"We are also expecting oil companies in the U.S., particularly (those) that are not well hedged and in expensive basins, to have negative cash flows as well if (the) oil price does not recover fast," Desphande said.
Back in the U.K., the Conservative government is willing to exacerbate its own revenue losses to easing the tax burden on the oil and gas sector.
In the government's budget speech Wednesday, Chancellor George Osborne's announced a 35 percentage point cut to the petroleum revenue tax to zero, and reduced the supplementary charge to 10 percent. The move is expected to lower receipts by around 0.2 billion per year, starting from the period running 2016 to 2017.
It's a long-term view that the government hopes will boost sector returns.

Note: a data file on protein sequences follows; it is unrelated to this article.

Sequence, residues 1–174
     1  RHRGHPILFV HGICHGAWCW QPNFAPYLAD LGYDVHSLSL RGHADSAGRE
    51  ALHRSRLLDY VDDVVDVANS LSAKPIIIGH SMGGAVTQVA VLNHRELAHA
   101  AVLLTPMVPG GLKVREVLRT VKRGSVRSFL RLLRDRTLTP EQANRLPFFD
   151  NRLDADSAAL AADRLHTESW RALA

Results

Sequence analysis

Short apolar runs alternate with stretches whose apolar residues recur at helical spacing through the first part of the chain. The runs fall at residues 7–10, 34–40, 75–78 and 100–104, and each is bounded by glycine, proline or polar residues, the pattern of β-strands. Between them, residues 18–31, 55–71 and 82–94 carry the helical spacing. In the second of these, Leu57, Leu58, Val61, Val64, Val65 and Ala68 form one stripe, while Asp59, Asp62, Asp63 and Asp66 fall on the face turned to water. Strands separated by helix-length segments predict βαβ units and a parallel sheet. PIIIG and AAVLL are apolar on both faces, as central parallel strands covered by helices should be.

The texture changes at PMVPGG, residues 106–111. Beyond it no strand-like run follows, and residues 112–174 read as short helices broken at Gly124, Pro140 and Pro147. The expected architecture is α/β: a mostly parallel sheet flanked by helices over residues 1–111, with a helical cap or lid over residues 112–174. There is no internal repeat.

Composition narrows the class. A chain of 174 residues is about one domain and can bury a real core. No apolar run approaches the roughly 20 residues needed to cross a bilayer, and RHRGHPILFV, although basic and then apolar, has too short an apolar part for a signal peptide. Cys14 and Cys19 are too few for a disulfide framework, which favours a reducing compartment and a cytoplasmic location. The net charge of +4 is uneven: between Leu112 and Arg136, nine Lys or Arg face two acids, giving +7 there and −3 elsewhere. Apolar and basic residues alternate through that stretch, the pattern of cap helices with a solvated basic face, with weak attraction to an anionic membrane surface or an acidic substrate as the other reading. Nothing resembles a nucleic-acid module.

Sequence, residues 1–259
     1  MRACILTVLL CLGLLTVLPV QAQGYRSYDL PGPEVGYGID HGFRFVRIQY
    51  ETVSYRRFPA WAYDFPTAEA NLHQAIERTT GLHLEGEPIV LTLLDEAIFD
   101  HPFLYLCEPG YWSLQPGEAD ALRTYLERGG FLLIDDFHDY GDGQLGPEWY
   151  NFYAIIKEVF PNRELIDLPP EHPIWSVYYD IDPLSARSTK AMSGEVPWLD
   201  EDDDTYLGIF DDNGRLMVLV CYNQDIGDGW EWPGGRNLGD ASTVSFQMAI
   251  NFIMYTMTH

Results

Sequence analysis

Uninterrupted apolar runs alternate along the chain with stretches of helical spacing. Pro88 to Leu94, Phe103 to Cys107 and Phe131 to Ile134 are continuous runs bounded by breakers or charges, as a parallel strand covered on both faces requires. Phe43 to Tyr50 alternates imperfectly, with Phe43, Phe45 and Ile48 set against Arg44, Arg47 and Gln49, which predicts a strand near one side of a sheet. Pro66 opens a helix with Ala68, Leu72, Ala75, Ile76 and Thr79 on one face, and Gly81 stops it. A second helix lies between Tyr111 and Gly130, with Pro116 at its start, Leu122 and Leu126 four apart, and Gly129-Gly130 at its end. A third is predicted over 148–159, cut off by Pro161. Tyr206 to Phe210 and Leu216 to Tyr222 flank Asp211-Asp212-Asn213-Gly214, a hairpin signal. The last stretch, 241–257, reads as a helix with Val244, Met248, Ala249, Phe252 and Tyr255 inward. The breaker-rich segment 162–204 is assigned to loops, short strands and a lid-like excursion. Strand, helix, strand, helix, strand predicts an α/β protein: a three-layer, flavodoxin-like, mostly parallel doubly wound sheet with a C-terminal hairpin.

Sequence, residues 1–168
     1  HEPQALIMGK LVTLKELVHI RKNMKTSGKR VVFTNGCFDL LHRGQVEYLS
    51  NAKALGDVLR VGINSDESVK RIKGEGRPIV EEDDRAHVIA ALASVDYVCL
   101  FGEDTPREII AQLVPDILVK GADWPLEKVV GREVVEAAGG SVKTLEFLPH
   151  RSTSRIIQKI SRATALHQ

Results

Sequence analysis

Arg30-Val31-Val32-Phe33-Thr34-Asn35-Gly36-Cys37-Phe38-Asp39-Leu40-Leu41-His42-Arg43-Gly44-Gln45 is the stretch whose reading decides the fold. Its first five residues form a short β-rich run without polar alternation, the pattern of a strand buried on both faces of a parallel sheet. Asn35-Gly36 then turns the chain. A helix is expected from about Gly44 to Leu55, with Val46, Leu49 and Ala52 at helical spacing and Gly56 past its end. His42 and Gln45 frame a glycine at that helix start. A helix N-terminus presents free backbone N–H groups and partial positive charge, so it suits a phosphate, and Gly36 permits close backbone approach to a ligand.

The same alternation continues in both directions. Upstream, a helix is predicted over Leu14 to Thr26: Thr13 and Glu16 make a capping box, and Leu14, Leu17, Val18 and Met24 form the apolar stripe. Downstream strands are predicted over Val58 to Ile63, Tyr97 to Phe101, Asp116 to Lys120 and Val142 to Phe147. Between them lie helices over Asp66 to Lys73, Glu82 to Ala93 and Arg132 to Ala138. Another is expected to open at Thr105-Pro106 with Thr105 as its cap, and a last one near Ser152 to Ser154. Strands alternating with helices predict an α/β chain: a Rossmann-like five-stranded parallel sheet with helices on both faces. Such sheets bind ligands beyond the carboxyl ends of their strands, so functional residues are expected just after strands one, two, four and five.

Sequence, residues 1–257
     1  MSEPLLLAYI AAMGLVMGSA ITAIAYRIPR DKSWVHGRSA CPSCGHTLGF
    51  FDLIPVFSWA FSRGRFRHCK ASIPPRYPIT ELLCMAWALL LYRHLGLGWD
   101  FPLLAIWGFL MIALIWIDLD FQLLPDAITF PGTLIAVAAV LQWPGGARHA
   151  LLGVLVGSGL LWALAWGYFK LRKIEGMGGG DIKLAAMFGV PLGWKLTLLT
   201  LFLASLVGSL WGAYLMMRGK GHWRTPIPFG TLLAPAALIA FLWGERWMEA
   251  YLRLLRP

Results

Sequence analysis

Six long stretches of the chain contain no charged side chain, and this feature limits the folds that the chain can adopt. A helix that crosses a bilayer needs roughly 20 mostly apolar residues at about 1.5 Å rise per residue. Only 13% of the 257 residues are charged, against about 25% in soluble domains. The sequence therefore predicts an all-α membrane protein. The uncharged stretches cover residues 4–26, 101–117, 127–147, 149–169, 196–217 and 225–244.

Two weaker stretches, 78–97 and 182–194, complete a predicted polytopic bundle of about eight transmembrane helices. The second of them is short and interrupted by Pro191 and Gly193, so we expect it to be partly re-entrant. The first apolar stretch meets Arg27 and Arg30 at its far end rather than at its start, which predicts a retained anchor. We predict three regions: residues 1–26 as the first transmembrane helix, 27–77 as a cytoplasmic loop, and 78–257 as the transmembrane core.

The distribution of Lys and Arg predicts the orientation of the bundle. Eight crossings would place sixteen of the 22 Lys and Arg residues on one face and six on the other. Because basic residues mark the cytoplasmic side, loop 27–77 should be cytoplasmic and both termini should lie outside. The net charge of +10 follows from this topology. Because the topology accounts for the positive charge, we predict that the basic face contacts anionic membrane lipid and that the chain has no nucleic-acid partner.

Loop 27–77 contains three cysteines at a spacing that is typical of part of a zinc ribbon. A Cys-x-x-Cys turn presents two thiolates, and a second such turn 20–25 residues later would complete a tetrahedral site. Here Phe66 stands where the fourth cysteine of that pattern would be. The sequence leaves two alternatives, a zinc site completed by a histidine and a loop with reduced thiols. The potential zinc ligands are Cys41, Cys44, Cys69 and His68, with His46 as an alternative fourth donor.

"There are only a few profitable firms in the sector," the OBR report explained.
"Lower tax rates will boost the post-tax returns on oil and gas production, but we have assumed only a modest behavioral response. As noted earlier, the low oil and gas price environment will make it difficult for projects to clear investment hurdles," the report added.
"This is likely to be the case even with lower tax rates."